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5th March 2024

Sonny Angels: The art history behind your new best friend

Sonny Angels are going viral on TikTok right now, but did you know there’s a long art historical tradition behind the adorable dolls?
Sonny Angels: The art history behind your new best friend
Credit: Grace Buckley @ The Mancunion

Any frequent TikTok users will probably be aware by now of Sonny Angels, the three-inch dolls which have gone viral on the app. Sonny Angels are collectable toys, all variations on a cherubic-looking boy wearing various types of headgear. The dolls were first manufactured in 2005, but are now experiencing a renaissance among young adults, one which has also led to the rise of a competitive resale market.  

The angels are made as part of a series like animals or flowers, and buyers purchase a ‘blind box’, not knowing which character from the series they will get. As well as the different versions of Sonny, buyers are also in with a chance of finding Robby the Rabbit. Robby is Sonny’s extremely rare and sought-after best friend. No doubt, the suspense element of the ‘blind box’ feature has helped to fuel the TikTok obsession, but the newfound craze also reflects a broader trend of people connecting with their ‘inner child’ and pursuing nostalgic activities, like toy collecting.  


im obsessed with these 🥹 #sonnyangel #sonnyangelhipper #sonnyangels #pinterest

♬ back on 74 filmsbymai_ – ✿

Sonny Angel is the creation of Toru Soeya, a Japanese designer and CEO of the goods manufacturer Dreams. Soeya seems to have predicted today’s rise in ‘inner child consumerism’. Despite its appearance and likely appeal to younger audiences, Soeya designed Sonny Angel with women over 25 in mind. His concept was a ‘little boyfriend’ who would comfort women facing difficult times and provide a sense of healing to combat stress and worry. In fact, Sonny’s design is part of a long and slightly mysterious art historical journey. 

Soeya has cited the American cartoon, Kewpie, as a big inspiration for the design of Sonny Angel. Rose O’Neill, the USA’s first published female cartoonist, created Kewpie in 1909. Derived from the classic ‘Cupid’, Kewpie was O’Neill’s response to a request from an editor to create a series of creatures for her magazine.  

O’Neill characterised Kewpie as a kind-spirited elf, flying around doing good deeds. Kewpie’s charm caught on and a slew of magazines began publishing the character on their pages, soon enough, Kewpie could be found on many commercial products, most notably, Kewpie mayonnaise, which still has the cartoon at the centre of its brand today.  

Among Kewpie’s good deeds was supporting women’s suffrage. O’Neill began placing the character in political cartoons, campaigning for women’s rights and advocating other political causes.

Kewpie Votes for Women Postcard – Campbell Art Co. @ Wikimedia Commons

It wasn’t long before Kewpie’s potential was realised by toy manufacturers. In 1912. O’Neill was approached by toy makers George Borgfeldt and Company, who started producing Kewpies in the form of porcelain dolls. The dolls proved successful all over the world, earning O’Neill a sizeable fortune.  

Like Kewpie, angelic infants have instilled a certain symbolism in artworks throughout the history of art. The friendly and protective qualities of Kewpie and Sonny Angel can be found in the cherub figures which litter the canvases of historic artists. The winged juvenile figures now usually identified as cherubs or cupids have very different origins, but at some point, their representations became merged.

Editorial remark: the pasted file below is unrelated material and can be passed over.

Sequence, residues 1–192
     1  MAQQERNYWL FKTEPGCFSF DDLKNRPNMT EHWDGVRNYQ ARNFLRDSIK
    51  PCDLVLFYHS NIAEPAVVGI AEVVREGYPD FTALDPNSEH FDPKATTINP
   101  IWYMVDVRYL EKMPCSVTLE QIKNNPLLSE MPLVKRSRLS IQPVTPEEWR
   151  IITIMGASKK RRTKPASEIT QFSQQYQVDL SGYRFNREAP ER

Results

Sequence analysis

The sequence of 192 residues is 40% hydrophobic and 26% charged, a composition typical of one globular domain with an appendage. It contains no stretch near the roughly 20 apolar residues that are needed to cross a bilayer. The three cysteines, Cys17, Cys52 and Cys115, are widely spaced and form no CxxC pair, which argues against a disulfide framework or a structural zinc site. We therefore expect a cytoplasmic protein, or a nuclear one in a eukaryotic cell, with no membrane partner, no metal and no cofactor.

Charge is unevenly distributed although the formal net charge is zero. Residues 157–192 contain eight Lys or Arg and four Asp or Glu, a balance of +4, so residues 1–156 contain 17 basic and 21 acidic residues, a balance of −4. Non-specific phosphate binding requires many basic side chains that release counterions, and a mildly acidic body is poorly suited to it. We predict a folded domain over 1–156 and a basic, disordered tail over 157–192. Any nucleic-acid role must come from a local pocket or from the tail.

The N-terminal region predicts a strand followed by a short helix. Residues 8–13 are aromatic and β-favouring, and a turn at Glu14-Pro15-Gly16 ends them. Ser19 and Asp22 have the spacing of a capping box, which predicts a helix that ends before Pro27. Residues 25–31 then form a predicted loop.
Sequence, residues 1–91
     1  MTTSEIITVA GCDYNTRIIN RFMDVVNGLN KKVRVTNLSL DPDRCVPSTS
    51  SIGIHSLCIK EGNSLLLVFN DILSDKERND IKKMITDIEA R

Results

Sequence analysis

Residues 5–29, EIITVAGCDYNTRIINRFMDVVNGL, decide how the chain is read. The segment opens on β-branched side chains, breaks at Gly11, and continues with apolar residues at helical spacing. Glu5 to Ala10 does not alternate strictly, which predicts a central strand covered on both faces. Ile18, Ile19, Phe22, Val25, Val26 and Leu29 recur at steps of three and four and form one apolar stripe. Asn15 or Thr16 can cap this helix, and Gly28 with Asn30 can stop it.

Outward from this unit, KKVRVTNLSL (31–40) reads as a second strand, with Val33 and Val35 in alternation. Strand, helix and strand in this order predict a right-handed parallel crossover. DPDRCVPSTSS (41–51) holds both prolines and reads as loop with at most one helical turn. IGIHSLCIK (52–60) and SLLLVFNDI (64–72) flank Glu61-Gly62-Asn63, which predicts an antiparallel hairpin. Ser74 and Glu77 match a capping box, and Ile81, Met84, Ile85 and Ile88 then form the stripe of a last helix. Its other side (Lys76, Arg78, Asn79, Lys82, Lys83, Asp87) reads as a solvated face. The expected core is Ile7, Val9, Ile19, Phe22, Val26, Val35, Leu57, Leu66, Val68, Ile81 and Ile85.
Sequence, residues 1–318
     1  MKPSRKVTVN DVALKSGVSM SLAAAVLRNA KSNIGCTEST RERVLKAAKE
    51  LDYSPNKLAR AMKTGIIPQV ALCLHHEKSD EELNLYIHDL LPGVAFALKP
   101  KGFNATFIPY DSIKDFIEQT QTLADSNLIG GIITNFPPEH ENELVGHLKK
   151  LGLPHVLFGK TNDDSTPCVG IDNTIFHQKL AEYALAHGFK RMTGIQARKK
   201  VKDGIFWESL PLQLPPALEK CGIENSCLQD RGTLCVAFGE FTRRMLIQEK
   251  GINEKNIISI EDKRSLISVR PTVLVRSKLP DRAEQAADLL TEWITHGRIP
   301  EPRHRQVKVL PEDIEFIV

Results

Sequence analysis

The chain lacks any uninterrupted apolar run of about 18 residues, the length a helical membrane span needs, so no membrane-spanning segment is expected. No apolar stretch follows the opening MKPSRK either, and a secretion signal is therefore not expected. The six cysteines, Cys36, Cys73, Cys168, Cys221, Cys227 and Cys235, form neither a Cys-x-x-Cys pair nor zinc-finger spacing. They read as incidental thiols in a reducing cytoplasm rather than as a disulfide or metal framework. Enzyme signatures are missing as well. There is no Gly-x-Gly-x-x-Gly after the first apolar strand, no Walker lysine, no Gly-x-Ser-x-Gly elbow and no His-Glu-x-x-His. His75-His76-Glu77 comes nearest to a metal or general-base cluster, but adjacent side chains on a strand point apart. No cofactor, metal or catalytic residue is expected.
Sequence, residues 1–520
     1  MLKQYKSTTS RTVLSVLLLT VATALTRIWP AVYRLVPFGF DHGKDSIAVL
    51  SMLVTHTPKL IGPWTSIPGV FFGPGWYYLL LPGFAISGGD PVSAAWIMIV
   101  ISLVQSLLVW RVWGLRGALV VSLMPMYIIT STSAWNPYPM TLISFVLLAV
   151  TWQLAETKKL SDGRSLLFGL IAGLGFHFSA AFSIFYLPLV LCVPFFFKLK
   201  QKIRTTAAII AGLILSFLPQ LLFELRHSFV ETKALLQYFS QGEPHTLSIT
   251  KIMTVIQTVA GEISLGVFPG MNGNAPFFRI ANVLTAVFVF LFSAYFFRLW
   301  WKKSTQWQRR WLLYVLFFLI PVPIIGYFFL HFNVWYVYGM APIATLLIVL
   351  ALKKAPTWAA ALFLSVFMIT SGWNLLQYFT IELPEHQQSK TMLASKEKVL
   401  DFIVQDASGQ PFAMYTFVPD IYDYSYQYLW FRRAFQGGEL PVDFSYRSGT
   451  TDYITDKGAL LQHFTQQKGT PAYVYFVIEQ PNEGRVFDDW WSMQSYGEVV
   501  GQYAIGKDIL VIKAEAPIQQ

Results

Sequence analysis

Cupid (or Eros), a mythological figure in the Greek and Roman traditions, was the child of the goddess of love, and in earlier iterations is depicted as a young adult male with wings. Although some sources recount the pain caused by Cupid’s interjections, he is generally considered to be a kind deity, bringing happiness to mortals through love. Similarly, cherubs began their artistic life in a different guise from the chubby toddlers we’re now familiar with. Cherubs are referenced in biblical literature as celestial beings, but their appearance seems unusual when compared to the stereotypical angel of today. Cherubs were described as winged beings with four heads, one of an ox, one of a lion, one of an eagle, and one of a human.

Kylix Cup depicting Eros – Kachrylion Potter (c.510 BC) @ Wikimedia Commons

Art historians aren’t sure exactly how it happened, but at some point, both cupid and cherubs were absorbed into the pictorial tradition of putti. Putti, Latin for ‘little men’, were chubby, winged toddler-like figures, often found on Graeco-Roman sarcophagi, early in the first millennium. The depiction of putti waned after this period, but in the Renaissance, they started to appear more frequently in decorative art, in both mythological and Christian scenes. The typical putto figure became synonymous with both the angelic biblical cherubs and the mischief-making cupid.

Cherubs from Raphael’s Sistina Madonna @ Wikimedia Commons

Their shared appearance has also translated into a shared symbolism. The presence of putti figures in art has come to denote feelings of peace and prosperity, as well as a sense of guardianship.  

It’s not surprising then, that Soeya chose this motif as the basis of his new character, who brings healing moments to everyday life. However it happened, the ethereal kids who emerged from the Renaissance set the scene perfectly for Sonny, whose slogan “he may bring you happiness,” perfectly embodies the qualities which Putti came to represent.  

Grace Buckley

Grace Buckley

Arts Editor

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